12. Let Them Eat Chocolate Cake
Marie Antoinette was not only a fan of cake, but also enjoyed drinking copious amounts of hot chocolate. The drink was frequently served at the Place of Versailles and was believed to be an aphrodisiac.
11. A Solid Creation
In 1847, the Fry and Sons confectioner’s shop, developed ‘eating chocolate.’ It was a solid, grainy form of chocolate, made from combining sugar, cocoa butter, and chocolate liquor.
10. A Sweet Fueled Cause
A group of kids in Canada began protesting in 1947, when manufactures decided to raise the price of chocolate bars from 5 cents to 8 cents!
9. Move Over Easter Bunny
The Cadbury company may be known for confections for Easter, but in 1842, they created the very first chocolate bar.
8. Need A Plan? Include Chocolate
During the heat of military operations, Napoleon demanded that wine and chocolate be available. This was for Napoleon and his senior advisers. Guess there’s nothing quite like chocolate to help stimulate plans of conquest.
7. Not Just For Baking
The Walter Baker Chocolate company was established in 1765, by Dr. James Baker and John Hannon. ‘Baker’s Chocolate’ is named after this company, and is not solely for baking purposes. So, it’s perfectly okay to enjoy eating it as a treat.
6. Drink Me A River
In the film Willy Wonka and the Chocolate Factory, the chocolate river was actually real. In order to make the edible creation, chocolate cream was mixed with 150,000 gallons of water. The downside? It eventually went rancid, and made a foul odor which hung around the set for ages.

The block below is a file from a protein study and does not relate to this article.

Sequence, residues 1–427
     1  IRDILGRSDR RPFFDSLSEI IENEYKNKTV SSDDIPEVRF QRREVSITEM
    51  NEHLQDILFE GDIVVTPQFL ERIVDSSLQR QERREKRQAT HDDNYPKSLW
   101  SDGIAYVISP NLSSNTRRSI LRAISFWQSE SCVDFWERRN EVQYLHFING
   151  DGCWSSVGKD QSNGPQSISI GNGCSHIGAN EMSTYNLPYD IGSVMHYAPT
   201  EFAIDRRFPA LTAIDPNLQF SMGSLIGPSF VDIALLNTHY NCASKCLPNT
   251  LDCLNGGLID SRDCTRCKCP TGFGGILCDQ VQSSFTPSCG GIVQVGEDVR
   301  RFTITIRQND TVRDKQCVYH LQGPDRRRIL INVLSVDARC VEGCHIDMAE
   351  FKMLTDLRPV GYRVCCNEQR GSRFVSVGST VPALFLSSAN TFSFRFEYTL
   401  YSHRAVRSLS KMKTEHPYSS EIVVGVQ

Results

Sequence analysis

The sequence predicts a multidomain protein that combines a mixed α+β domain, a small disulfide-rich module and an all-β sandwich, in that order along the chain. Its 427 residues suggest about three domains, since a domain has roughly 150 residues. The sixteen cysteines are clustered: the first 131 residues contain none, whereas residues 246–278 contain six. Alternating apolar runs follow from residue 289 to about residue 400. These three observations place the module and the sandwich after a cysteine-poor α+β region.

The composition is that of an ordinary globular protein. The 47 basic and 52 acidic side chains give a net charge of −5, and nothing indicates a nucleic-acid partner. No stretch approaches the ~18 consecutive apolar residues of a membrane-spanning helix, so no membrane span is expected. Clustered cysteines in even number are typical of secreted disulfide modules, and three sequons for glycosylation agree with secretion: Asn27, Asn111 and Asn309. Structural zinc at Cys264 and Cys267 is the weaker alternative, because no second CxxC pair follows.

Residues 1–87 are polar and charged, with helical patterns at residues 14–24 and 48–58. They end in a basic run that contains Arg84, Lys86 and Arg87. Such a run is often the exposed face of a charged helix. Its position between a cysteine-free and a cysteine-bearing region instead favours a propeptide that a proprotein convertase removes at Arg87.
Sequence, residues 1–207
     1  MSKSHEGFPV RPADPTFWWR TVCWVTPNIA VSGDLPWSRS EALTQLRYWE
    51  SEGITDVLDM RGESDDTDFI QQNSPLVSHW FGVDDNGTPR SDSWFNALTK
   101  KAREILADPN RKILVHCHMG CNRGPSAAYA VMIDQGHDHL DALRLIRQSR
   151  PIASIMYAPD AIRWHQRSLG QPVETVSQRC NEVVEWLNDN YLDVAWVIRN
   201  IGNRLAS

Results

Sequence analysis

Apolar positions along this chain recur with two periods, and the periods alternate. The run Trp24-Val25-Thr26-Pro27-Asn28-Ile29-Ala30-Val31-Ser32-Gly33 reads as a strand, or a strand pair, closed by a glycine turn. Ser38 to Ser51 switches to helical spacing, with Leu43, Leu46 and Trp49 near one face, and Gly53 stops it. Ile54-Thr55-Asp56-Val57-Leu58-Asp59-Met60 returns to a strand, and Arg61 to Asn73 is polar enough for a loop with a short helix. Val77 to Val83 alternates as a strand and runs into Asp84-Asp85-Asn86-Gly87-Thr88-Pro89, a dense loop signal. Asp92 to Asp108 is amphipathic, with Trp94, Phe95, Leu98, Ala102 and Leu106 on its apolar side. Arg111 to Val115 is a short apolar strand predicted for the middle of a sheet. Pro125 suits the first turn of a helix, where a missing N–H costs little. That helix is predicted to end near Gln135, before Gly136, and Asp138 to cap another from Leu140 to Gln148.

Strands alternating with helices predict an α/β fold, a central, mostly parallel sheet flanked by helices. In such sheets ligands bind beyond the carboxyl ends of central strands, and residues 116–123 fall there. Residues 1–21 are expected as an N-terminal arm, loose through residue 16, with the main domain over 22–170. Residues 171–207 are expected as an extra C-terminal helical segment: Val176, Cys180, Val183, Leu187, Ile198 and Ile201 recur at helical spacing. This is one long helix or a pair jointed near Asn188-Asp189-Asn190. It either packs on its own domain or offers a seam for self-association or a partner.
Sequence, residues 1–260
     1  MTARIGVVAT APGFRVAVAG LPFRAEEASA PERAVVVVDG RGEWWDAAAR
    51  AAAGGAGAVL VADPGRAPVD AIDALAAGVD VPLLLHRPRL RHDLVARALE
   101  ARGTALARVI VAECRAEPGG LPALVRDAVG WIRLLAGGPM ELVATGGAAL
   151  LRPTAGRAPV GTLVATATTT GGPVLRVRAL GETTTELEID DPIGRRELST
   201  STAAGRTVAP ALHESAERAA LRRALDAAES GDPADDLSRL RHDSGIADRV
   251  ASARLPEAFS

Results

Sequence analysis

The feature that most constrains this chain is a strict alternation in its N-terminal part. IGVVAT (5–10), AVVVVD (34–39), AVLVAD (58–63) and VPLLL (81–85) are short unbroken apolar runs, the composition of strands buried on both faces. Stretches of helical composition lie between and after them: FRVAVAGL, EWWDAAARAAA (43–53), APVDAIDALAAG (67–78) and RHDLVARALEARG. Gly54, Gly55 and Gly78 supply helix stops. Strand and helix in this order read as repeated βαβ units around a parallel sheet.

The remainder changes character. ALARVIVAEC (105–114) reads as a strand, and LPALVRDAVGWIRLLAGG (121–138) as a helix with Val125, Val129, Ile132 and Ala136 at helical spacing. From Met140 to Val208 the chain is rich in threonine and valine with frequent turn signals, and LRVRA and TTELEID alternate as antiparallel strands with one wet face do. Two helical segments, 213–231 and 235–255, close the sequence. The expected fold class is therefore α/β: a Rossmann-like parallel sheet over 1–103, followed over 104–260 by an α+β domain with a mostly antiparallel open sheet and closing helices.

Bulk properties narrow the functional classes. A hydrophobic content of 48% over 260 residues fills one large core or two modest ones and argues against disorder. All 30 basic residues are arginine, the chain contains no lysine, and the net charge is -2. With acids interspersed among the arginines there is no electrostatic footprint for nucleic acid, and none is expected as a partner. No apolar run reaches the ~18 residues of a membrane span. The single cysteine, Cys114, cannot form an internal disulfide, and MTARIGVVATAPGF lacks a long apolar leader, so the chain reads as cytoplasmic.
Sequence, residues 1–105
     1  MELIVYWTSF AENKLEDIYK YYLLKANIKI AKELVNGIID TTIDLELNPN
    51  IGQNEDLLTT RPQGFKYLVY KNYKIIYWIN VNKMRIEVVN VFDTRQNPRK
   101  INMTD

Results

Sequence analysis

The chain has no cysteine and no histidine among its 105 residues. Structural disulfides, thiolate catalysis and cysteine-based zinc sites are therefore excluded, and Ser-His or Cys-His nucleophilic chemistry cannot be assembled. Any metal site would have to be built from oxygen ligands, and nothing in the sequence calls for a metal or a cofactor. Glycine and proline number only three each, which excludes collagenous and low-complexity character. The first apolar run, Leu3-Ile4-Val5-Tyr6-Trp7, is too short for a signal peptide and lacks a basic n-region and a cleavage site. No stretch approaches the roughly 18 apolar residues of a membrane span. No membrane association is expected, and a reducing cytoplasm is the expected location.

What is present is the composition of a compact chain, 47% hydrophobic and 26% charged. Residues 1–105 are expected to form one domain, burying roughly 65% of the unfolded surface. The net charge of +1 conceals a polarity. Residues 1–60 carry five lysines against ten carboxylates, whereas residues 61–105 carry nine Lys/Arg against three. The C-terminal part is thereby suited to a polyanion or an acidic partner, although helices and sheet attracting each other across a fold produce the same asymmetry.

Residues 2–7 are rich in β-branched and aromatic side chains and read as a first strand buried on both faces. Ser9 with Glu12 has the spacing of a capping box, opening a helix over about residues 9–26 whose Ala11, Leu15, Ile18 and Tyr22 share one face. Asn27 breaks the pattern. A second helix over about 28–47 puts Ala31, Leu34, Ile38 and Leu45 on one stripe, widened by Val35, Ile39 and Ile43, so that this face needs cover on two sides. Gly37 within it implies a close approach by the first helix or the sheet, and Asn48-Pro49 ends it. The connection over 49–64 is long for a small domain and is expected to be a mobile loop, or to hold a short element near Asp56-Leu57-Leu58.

5. Thanks To The Swiss
Milk Chocolate would not have been invented, if not for Daniel Peter of Switzerland. He struggled 8 years to make his chocolate recipe work, and after including condensed milk, he created milk chocolate in 1875.
4. A Secret To Long Life
One of the world’s oldest persons credited their longevity of 122 years, to her diet of olive oil, wine, and of course 1 kilogram of chocolate weekly.
3. Chocolate Fatality
The compound theobromine, which is found in chocolate is not only dangerous to canines, but it can be fatal to humans as well. Thankfully, a human would have to eat about 22 pounds of chocolate to reach lethal levels. Alternatively if a small bird ate a Smartie it could kill them.
2. How Do You Say It
It is perfectly acceptable to say either ‘cacao’ or ‘cocoa’ to describe the tree that produces cocoa/cacao beans.
1. A Labor Of Love
In order to make 1 pound of chocolate, you need about 400 cacao beans.
Want to tell us to write facts on a topic? We’re always looking for your input! Please reach out to us to let us know what you’re interested in reading. Your suggestions can be as general or specific as you like, from “Life” to “Compact Cars and Trucks” to “A Subspecies of Capybara Called Hydrochoerus Isthmius.” We’ll get our writers on it because we want to create articles on the topics you’re interested in. Please submit feedback to [email protected]. Thanks for your time!
Want to get paid to write articles for us? We also have a Loyal Contributor Program, where our beloved users can create content for Factinate in a Word Document format. If we publish your articles on www.factinate.com, we will happily pay you for your time and effort. Our Loyal Contributor program is a vehicle for infusing our readers’ passion into our content. Please reach out to us for more details, style guidelines, and compensation information at [email protected]. Thanks for your interest!
Do you question the accuracy of a fact you just read? At Factinate, we’re dedicated to getting things right. Our credibility is the turbo-charged engine of our success. We want our readers to trust us. Our editors are instructed to fact check thoroughly, including finding at least three references for each fact. However, despite our best efforts, we sometimes miss the mark. When we do, we depend on our loyal, helpful readers to point out how we can do better. Please let us know if a fact we’ve published is inaccurate (or even if you just suspect it’s inaccurate) by reaching out to us at [email protected]. Thanks for your help!
The Factinate team